As I write this the Department of Labor (DOL)'s fiduciary rule is once again in limbo. While some parts of it have come into force, it could yet be revised, rescinded or shoved further back on the shelf.
But while the feds fiddle, Rome does not burn. States are taking it upon themselves to act, and Nevada Senate Bill 383 was signed into law earlier this summer to address many of the same issues regarding fiduciary duty and compensated advice.
Financial services companies from banks and broker-dealers to asset managers are powerful aggregators of investor interests. As environmental, social and governance (ESG) demand has grown, firms are stepping up to challenges such as the UN Principles for Responsible Investment (PRI) and becoming levers for change on issues from climate change to indigenous rights.
But what happens when the societal or ethical issue is in our own kitchen?
Prior bad acts, from predatory lending and price fixing to tax evasion and improper account opening, have been exposed and punished by regulators, customers, shareholders and markets. These acts are objectively wrong and in several cases illegal. The fiduciary rule is trickier though, particularly if it does not become the law of the land. It is to financial services what mitigating overseas sweatshop labor is to apparel or what Fair Trade is to food – a best practice but not yet a requirement. Societally and ethically, accepting a level of fiduciary responsibility for the financial services for which a professional or firm has been compensated is not necessarily required by law, but it is best practice and is expected and even assumed by consumers.
The law of the market
Regulators and self-regulatory organizations will not always be there to watch over us, and the debate rages on about whether or not they should be and whether their weighty presence stifles commerce and the flow of capital. As with so many other ESG issues, the market itself can be the mechanism for holding companies to account, uncovering and pricing risk, and allocating capital according to merit. The challenge in the case of the fiduciary rule is that the stakeholders who ordinarily engage with and shape the market issue by issue would almost universally be subject to at least some aspects of the rule. With recognition and implementation of the rule comes, in some cases, profound changes in business practices and operations, policies and procedures, company pricing, and even whole lines of business.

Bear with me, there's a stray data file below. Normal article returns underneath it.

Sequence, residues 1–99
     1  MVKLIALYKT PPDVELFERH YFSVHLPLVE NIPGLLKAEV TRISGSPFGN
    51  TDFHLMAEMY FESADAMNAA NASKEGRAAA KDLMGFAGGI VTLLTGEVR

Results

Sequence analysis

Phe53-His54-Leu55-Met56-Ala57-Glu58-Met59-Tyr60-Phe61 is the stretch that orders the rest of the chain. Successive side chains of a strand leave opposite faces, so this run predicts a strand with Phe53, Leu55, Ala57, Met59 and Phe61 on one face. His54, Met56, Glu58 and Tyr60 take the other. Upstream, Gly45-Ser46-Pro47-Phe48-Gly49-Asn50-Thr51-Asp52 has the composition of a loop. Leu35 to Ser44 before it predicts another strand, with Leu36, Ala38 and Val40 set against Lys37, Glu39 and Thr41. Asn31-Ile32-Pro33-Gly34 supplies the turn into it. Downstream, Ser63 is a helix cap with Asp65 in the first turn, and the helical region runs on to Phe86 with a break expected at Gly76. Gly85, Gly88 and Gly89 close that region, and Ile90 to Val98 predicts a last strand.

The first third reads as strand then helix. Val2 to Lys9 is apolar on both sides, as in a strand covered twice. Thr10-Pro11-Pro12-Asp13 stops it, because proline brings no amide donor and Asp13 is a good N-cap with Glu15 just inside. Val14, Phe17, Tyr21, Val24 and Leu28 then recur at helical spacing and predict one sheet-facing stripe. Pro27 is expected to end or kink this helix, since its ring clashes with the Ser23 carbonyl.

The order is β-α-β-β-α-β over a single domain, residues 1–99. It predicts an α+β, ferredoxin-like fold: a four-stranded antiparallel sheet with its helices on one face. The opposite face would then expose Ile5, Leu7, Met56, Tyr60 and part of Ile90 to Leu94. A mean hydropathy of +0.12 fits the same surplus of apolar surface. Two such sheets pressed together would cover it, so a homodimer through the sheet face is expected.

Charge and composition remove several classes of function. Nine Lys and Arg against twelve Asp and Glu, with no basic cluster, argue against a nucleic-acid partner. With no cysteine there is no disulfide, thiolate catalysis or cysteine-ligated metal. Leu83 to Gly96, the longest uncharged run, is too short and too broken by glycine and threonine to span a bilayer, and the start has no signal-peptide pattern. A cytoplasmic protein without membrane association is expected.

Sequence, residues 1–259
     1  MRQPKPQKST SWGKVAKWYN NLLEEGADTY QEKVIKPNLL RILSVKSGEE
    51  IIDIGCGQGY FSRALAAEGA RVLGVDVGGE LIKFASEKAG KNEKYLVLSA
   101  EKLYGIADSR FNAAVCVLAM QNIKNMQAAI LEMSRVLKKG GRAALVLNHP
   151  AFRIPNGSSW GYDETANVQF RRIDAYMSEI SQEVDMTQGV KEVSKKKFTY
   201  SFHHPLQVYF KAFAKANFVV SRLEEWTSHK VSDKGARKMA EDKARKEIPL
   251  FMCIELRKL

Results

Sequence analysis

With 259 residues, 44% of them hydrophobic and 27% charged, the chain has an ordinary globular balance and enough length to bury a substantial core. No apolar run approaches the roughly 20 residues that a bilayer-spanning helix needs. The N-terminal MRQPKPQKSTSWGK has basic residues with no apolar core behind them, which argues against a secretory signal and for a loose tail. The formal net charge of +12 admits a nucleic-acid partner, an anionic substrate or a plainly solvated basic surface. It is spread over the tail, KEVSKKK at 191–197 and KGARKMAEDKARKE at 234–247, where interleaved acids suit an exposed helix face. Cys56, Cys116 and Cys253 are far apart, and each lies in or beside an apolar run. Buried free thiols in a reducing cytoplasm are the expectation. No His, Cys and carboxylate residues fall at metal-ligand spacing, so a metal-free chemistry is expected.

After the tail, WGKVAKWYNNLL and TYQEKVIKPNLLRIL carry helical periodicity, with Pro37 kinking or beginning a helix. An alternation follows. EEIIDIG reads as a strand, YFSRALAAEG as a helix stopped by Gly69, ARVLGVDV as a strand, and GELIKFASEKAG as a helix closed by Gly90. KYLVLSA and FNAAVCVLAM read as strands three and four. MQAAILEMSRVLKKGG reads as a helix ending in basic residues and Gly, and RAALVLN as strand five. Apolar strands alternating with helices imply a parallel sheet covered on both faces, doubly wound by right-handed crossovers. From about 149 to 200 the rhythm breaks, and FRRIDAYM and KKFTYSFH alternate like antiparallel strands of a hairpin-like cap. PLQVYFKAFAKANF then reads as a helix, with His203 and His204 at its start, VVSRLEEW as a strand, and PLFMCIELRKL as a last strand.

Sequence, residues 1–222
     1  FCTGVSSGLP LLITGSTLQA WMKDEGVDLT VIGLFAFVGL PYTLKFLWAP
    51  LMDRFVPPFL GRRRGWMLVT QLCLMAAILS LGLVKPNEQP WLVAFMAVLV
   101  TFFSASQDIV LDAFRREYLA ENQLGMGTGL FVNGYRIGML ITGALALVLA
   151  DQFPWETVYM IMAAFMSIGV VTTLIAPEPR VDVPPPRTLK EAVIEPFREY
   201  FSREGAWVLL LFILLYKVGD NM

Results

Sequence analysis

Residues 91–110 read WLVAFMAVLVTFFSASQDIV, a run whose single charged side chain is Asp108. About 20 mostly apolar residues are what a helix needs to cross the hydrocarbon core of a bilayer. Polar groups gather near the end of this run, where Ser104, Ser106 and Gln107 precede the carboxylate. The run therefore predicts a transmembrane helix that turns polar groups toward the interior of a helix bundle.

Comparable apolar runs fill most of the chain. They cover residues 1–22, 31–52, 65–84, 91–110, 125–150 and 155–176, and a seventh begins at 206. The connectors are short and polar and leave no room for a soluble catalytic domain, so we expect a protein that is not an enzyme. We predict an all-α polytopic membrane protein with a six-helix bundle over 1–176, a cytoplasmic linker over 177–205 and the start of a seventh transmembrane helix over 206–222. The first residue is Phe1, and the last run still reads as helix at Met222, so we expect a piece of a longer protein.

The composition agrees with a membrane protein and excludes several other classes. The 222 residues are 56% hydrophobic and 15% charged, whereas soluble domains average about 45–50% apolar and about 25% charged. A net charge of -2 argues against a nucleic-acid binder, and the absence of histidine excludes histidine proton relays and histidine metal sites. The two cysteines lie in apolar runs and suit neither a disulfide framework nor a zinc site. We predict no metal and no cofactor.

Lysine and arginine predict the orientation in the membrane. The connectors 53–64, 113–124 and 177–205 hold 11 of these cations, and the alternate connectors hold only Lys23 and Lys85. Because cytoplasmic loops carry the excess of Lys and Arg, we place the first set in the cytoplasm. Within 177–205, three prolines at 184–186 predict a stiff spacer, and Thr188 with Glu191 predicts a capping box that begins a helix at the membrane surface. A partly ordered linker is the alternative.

Whether a fiduciary standard is the province of the industry itself, the states, the DOL or the Securities and Exchange Commission, from an ESG perspective the fundamental idea behind such a standard is meritorious. Individuals and companies receiving compensation for financial services ought to have interests aligned with their customers. From a governance point of view a heightened standard of care and transparency would certainly be a positive.
Get your house in order
Customers are critical stakeholders in the sustainability of any company. There should be vigorous discussion and debate among ESG investors – with other financial services firms, with regulators and with the community of customers – about how to address a fiduciary standard in keeping with the UN PRI.
Adverse and unintended customer outcomes should be identified and managed, and all stakeholder interests should be considered, including the financial services companies who are entitled to accept appropriate and proportionate risks and be compensated fairly for them.
A wealth or asset manager who declares a commitment to ESG and the UN PRI should be prepared to look at their own business practices and the practices of similar companies in which they invest and then commit to holding them to similar levels of accountability, fairness and transparency as any company in any other industry. A marketplace in which no company did more than what the law required and in which every company lobbied heavily to remove or eviscerate existing laws and regulations would present very few opportunities for differentiated ESG investment.
As investable businesses and as practitioners, it is time to comprehensively apply the same ESG framework for aligning stakeholder interests to the financial services sector.